In clinical medicine at large, pathological study of tissue from the affected organ is recognised as key to secure diagnosis, making the virtual absence of bronchial pathology from standard clinical asthma practice (pace efforts such as the Severe Asthma Research programme in the USA,6 and case series at other centres7–9) all the more puzzling. We in mainstream asthma practice only irregularly collect data on the ‘phenotype’ of our patients' asthma—and then often by indirect methods (eg, sputum eosinophil counts) as surrogates for definitive bronchial pathology.10 This current position is remarkable considering that Dr Morrow Brown's insisted 40 years ago on demonstrable excess of sputum eosinophils to characterise each case of ‘allergic asthma’, and when he demonstrated the efficacy of inhaled steroid in difficult cases.11 Are we, today's respiratory physicians, not overdoing ‘lumping’ and under-doing precision in our practical diagnostics of asthma—why when we concede that asthma is a heterogeneous clinical syndrome do we not regularly consider bronchial pathology? Our approach certainly contrasts with other specialist clinicians' securing of biopsies for precise morphological and molecular studies. Nephrologists have long and systematically biopsied kidneys to identify distinctive immune/inflammatory diseases and develop distinctive treatments within broad entities such as glomerulonephritis. Gastro-enterologists require colonoscopy with biopsies to diagnose inflammatory bowel disease in children and adults.

Fibreoptic bronchoscopy is an uncomfortable procedure. But it can be performed safely and swiftly in asthma with the proper expertise and protocols for both diagnostic and therapeutic purposes.6 It may require general anaesthesia in the child, but prominent among the case series on bronchial pathology are those in childhood asthma.7–9 Bronchoscopic diagnostics are integral to other areas in respiratory medicine, including very sick patients (eg, microbial diagnosis in pneumonias in immune-suppressed subjects).12 Of prime importance, the sporadic bronchial pathology case series in asthma already point to the valuable discovery of diverse and unpredictable changes in difficult asthma—including unresolved eosinophilic inflammation, inflammation of different subtype, no inflammation, microbial infection—besides the unearthing of confounding diagnoses such as foreign body or benign tumour.7–9 ,13 Is it therefore not timely for us to reconsider the role of bronchial pathology in asthma practice at large? Should we not, at least, be obtaining bronchial biopsy when our clinical methods leave us in doubt and the progress of our patients who are treatment compliant is faltering?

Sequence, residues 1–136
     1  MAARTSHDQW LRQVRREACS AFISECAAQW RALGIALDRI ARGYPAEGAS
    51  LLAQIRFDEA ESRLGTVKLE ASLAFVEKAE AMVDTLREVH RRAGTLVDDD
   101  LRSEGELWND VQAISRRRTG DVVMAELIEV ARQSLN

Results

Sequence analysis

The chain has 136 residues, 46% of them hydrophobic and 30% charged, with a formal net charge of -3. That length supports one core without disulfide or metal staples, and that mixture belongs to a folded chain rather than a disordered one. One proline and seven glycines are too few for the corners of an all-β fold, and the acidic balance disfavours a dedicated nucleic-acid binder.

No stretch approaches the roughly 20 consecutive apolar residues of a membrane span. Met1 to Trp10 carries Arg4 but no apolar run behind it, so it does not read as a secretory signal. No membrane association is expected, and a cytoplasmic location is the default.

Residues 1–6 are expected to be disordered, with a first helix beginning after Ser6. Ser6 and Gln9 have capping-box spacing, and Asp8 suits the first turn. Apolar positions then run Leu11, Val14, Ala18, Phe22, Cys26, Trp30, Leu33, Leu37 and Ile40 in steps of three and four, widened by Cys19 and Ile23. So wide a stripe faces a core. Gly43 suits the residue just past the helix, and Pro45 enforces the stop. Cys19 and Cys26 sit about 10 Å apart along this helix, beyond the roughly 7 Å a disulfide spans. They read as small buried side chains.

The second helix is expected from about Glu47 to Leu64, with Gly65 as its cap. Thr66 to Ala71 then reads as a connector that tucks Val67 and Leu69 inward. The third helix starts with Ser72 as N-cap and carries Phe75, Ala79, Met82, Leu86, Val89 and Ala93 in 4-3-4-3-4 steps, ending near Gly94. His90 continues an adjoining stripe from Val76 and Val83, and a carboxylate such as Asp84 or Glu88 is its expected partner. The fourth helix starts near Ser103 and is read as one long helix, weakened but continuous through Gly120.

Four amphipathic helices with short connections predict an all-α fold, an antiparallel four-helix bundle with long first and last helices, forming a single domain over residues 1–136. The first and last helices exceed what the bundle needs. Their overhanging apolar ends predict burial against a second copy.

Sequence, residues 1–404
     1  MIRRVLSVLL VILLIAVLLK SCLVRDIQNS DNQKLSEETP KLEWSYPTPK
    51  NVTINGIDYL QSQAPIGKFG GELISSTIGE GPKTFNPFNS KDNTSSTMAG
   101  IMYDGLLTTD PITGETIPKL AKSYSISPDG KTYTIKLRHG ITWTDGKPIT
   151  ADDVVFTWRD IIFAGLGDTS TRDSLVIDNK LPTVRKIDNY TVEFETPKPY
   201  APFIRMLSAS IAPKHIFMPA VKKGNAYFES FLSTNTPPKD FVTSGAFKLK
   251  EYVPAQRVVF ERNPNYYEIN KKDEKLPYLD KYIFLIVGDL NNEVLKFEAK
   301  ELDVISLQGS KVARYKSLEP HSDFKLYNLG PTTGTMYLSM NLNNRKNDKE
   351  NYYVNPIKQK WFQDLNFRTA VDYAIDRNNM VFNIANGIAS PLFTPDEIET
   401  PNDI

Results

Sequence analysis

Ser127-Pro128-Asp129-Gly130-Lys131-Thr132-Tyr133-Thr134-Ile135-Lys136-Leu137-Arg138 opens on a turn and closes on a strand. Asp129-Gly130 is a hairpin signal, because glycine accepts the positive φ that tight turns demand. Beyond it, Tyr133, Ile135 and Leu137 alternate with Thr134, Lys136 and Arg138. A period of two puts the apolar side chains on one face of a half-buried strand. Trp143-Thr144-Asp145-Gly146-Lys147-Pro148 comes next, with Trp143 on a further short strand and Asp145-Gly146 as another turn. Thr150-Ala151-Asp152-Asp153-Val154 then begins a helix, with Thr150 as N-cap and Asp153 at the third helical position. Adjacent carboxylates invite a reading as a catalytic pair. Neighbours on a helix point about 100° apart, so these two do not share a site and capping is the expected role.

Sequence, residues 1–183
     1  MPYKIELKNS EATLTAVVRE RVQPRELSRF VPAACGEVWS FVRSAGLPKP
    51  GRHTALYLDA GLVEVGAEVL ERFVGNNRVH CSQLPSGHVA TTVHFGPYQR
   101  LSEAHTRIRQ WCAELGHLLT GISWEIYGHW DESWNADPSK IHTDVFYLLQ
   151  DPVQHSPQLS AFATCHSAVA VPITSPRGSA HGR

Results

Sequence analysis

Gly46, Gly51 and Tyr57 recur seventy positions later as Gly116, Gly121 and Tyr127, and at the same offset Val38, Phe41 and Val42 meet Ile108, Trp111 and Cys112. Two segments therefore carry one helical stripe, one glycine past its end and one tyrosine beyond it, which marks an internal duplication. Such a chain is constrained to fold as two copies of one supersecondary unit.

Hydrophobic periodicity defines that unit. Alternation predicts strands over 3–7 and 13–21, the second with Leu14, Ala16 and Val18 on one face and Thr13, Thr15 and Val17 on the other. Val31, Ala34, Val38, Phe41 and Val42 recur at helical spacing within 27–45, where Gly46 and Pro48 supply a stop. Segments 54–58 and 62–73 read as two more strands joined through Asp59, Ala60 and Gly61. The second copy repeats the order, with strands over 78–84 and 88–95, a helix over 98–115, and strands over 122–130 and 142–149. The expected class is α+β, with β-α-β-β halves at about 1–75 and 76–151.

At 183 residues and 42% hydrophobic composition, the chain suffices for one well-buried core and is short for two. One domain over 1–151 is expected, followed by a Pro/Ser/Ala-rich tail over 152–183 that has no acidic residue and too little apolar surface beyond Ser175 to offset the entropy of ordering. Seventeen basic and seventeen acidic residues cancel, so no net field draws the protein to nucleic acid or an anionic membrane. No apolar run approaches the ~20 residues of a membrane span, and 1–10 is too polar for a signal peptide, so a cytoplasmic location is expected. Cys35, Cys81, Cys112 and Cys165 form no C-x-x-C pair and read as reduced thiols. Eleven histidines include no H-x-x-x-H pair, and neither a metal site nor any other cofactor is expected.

As we stand, our lack of a systematic approach to characterising our asthma cases by direct pathology confines us to a quite imprecise notion of asthma's heterogeneity.5 We recognise that many patients with asthma also suffer from eczema and rhinitis, show allergy to common antigens, and that their asthma is typically responsive to inhaled corticosteroid. We are aware that T helper 2 immune mechanisms drive bronchitis, including prominent eosinophil infiltration/activation, mucus gland hypertrophy and hyper-secretion, and smooth muscle hyper-reactivity (with remodelling of the airway).14 We also see that many other asthma cases do not fit this ‘allergic’ picture—we view them as ‘different’ and heterogeneous in themselves. A minority have clear cause (eg, occupational isocyanate). But most are obscure in nature—asthma without atopy, asthma with aspirin sensitivity, asthma of later origin in women with obesity, late onset asthma in smokers, asthma with neutrophil-associated inflammation, or asthma with little bronchial inflammation; there is a clinical impression of less secure response to inhaled corticosteroids.5 We have even less information on how bronchial pathology varies with time in any particular patient with asthma, as a result of variable exposure through inhalation to noxious particulates, gases or microbes.